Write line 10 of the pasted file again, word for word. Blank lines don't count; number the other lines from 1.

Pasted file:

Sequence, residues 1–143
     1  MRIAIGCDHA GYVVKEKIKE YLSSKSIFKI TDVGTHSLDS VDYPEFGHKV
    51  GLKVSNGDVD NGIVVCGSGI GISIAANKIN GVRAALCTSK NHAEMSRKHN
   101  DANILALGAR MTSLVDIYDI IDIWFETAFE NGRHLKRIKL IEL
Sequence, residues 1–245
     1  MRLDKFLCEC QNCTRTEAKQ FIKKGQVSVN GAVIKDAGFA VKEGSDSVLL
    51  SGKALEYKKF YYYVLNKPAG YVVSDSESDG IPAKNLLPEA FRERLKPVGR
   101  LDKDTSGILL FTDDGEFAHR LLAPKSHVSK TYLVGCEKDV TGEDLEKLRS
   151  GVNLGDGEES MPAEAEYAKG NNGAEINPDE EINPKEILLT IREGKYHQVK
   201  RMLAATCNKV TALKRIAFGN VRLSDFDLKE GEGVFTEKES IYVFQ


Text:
   201  RMLAATCNKV TALKRIAFGN VRLSDFDLKE GEGVFTEKES IYVFQ